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Almost one year after I first wrote about Ka’nard Allen, his story—and the stories of several other children whose lives are connected to his—remain a searing example of how pervasive gun violence in our nation’s cities is killing, injuring, and traumatizing our children. As Pulitzer Prize-winning New Orleans journalist Julia Cass reports for the Children’s Defense Fund, on May 29, 2012, Ka’nard celebrated his 10th birthday at his grandmother’s house in the Central City neighborhood of New Orleans.
During this last week of Women’s History Month I wanted you to learn about Ella Baker, a transforming but too little known woman and overpowering justice warrior for my generation of civil rights activists.
Women’s History Month is a reminder that in every major American social reform movement, women have always played a critical role. Women at the forefront, acting as the catalyst for progress when it needs to happen, make the front pages and the history books.
One of our country’s most cherished values is the idea that if you work hard you can get ahead, be part of the middle class, raise a family comfortably, and ensure your children will do better than you did. But this is a hollow promise to countless families today. The sad truth is you can work full time in America and not be able to meet your family’s basic needs.
The Child Care and Development Block Grant (CCDBG) is the primary source of federal funding for child care, but CCDBG has not been reauthorized since 1996. The Child Care and Development Block Grant Act of 2013 (S.1086) would reauthorize CCDBG and takes important steps to improve the quality of care for children, particularly the poorest and most vulnerable; establishes minimum health and safety standards in child care; and provides additional supports to assist working parents in finding high-quality care.
Seventeen-year-old Theresa Tran is one of this year’s winners of the Children’s Defense Fund-Ohio’s Beat the Odds® scholarships after overcoming tough odds including physical disability, the death of a beloved sibling, and a father who suddenly abandoned the family and left her mother to raise four children alone.
During this Black History Month I was deeply honored to be inducted into the South Carolina Hall of Fame at the same time as Mrs. Septima Clark—the woman Dr. Martin Luther King, Jr. called the “Mother of the Movement.”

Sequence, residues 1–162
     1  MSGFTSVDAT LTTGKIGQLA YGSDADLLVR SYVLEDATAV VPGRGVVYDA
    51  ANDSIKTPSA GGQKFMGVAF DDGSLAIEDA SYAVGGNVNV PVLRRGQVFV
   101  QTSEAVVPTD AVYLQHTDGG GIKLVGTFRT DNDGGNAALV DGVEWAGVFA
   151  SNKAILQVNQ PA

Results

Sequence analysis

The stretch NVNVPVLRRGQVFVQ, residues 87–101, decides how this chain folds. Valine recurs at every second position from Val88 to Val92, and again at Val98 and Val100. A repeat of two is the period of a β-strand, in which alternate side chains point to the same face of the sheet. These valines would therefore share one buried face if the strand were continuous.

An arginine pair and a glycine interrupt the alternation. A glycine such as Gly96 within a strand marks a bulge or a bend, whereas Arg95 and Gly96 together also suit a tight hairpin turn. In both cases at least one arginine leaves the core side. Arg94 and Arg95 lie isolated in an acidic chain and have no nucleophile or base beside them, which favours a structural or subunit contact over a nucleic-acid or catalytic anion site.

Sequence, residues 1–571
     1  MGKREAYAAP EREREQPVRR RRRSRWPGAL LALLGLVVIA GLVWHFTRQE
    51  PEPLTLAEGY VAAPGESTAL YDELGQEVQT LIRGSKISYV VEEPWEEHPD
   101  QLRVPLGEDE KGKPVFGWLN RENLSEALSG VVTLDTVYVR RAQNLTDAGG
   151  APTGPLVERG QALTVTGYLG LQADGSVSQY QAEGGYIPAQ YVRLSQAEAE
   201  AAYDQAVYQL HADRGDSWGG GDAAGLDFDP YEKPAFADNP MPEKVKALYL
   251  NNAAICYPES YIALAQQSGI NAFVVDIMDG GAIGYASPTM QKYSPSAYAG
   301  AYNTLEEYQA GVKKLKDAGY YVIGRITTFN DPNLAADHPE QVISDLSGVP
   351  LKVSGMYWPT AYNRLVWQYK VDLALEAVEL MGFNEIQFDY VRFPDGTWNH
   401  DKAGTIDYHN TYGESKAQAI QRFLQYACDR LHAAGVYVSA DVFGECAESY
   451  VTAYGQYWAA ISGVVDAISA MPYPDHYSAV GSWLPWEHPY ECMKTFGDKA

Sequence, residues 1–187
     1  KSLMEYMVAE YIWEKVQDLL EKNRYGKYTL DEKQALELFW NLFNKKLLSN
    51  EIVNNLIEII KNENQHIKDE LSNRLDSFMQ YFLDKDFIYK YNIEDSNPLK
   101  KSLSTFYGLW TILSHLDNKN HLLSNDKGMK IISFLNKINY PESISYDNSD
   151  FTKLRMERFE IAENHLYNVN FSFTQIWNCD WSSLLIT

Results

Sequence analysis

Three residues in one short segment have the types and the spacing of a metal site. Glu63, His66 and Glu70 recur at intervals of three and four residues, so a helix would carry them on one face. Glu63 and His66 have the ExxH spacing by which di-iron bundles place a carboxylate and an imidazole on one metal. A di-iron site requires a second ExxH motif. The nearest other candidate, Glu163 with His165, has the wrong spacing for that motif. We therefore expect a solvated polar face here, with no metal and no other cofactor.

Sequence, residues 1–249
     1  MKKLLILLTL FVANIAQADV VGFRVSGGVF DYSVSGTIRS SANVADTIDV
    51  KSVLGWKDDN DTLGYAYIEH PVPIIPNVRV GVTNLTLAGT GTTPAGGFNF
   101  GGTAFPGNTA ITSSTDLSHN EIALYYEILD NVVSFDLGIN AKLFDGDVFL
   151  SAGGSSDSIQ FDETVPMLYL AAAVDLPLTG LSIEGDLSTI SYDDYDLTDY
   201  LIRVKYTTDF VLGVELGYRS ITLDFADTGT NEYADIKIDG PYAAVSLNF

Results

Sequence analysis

The headlines in the case were sadly familiar. An angry adult armed with a gun used it to shoot and kill an unarmed Black teenager he thought seemed “bad”—this time, because the teenager and his friends were sitting in a car listening to music the grownup didn’t like. In this outrageous Florida case a middle-aged White man, Michael Dunn, was convicted of three counts of attempted murder and one count of shooting a gun into an occupied car.
Some children cheer when schools close for winter storms, but there are hungry children in America right now for whom another snow day this week meant another day without access to school breakfast or lunch. Despite criticism some big city mayors have kept schools open on snowy days this winter so their children would not go without food. These same children suffer over the weekends. While some schools have food pantries and send children home on the weekends with backpacks filled with food, it is still far, far from enough and only a drop in the bucket of need. Schools report students who arrive hungry on Monday morning or cry when they miss the bus or it’s late because that means they’ve missed breakfast.
We’re used to making a big fuss over children’s birthdays, but this week child advocates and families across the country are celebrating CHIP, the Children’s Health Insurance Program, on the fifth anniversary of its reauthorization.